I had a pretty cool opportunity last month. I went kayaking for the first time with some of my fellow classmates, and what better place to do it than on a tour through the beautiful Chicago River? Prior to coming to ICO, I had worked in a sports store; I had sold plenty of kayaks to people. However, I never actually manned one myself. I was very curious to see what the experience would be like. How would I fare navigating through treacherous waters, and who knows what horrors lied beneath the surface? *cue dramatic music*
Well, actually, I did not encounter any nautical beasts or biblical-sized waves. As a matter of fact, we had nice weather that day and everyone made it back in one piece. Moreover, everyone seemed to have a really good time.
So, what if you’re like me and have never been kayaking before? There were certain things that surprised me when out on the water- both pleasant and not-so-pleasant. I’ll give you the low down on a couple things I wish I had taken into consideration more before embarking on my aquatic excursion.
1. You’re going to get wet
Listen, I know you’re reading and thinking, “Well, duh, dude. What did you expect?” They warned us of this, too, before the day of the tour, but I underestimated the extent. Luckily, our tour guides provided us with bags and cases for our phones/wallets/other belongings so none of my stuff got wet. However, in terms of how much water got on me personally, the top half of my body stayed relatively dry. The lower half of my legs and shoes got soaked. This brings me to my next point.
2. Dress appropriately
If you have water shoes or some kind of work boots, definitively opt for those over tennis shoes. Also, depending on the weather conditions and what time of year it is, there are some items that could vary in their necessity like sunscreen, hats, sunglasses, and wetsuits for the colder months. Also, make sure you got a life jacket! Investing in some kayaking gloves might be a good move, as I ended up with a blister on one of my hands. It wasn’t exactly the most comfortable thing for the next few days.
3. It’s physically demanding
This is something else you probably already could have deduced, but experiencing it first-hand was something different. Our tour was 6 miles, so there was quite a bit of rowing involved. I was exhausted by the end of the trip. However, if you choose to rent a kayak to explore on your own, then you’re obviously in control of how much distance you cover. I’m also not the most in-shape person, so take this for what you will.
4. It’s not as hard as it looks
I admit I was a little apprehensive going into this. I thought for sure I was going to be flipped over in my kayak or get run over by some huge tour boat, but it’s truly not that bad. It took a little bit of adjusting at the beginning to get the hang of it, but other than that, the technique wasn’t that difficult. Our tour guides were pretty good at showing us what to do. However, if you’re planning on going out solo without any prior experience, I’d suggest reading up a little online first or taking someone with you who has some kayaking know-how.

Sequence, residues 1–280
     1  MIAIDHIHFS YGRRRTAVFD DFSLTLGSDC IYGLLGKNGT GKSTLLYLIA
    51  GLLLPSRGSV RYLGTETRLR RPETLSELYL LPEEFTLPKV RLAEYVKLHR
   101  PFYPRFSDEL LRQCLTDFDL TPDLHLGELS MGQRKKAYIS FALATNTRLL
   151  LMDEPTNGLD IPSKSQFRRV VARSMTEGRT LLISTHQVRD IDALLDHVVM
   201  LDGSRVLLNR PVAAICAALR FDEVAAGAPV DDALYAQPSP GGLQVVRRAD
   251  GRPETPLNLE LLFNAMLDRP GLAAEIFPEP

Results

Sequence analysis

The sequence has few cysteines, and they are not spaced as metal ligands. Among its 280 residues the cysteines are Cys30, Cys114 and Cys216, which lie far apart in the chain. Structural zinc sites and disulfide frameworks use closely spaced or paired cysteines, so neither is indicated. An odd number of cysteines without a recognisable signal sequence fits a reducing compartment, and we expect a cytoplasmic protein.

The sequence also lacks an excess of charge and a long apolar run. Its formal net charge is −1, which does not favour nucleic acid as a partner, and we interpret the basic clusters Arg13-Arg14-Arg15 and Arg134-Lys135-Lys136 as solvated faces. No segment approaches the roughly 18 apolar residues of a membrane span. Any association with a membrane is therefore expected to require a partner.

5. Stick to the right
As I mentioned, there are other, much bigger boats you’re going to be sharing the river with. As you can imagine, kayaks have a lot more maneuverability. It’s on you to get out of the way if you see a large boat passing through. If you stick to the right side, you should be fine. Never paddle out in the middle unless you’re going to cross over (and there are no other boats coming, of course.)
6. Take some other provisions
Personally, I didn’t really get hungry, but everyone is different. Some people on our tour brought snacks and water. Consider that as an option, especially if it’s going to be a hot day and you plan on being out there for a while.
7. Take it all in
While rowing through downtown Chicago, you’re going to see a lot of cool views. Luckily, I had my phone with me so I got some nice shots of the city. It was kind of weird because when I pictured my first time kayaking, I thought it would have been out in the middle of a lake in the woods somewhere. However, something about having that mindset while also being in a big city was a welcome juxtaposition. It was really nice at some points to just stop paddling and absorb my surroundings. There were some quieter stretches on the river that were a little farther from all the hustle and bustle. It was great to just relax and let my kayak keep me leisurely afloat while I forgot about all my responsibilities for a few hours.
Ready to sign up? There are many places around Chicago you can hit up for kayak rentals. The place our group went was called Kayak Chicago. They have several locations, but the one we went to was a relatively short ride on the Red Line from Sox-35th to North/Clybourn. From all the places I researched, it looks like about $30/hour is what you’re looking at price-wise for renting a kayak. However, if you take a buddy and do a tandem kayak, you can split that. There are also a lot of great deals through Groupon if you bring the whole squad with you.
So, yes, I would positively recommend kayaking through Chicago if you ever get the chance. I found it to be a great stress reliever, got to see amazing sites, and burned quite a bit of calories, to boot. Who knows? If you give it a whack, you might even find a new hobby.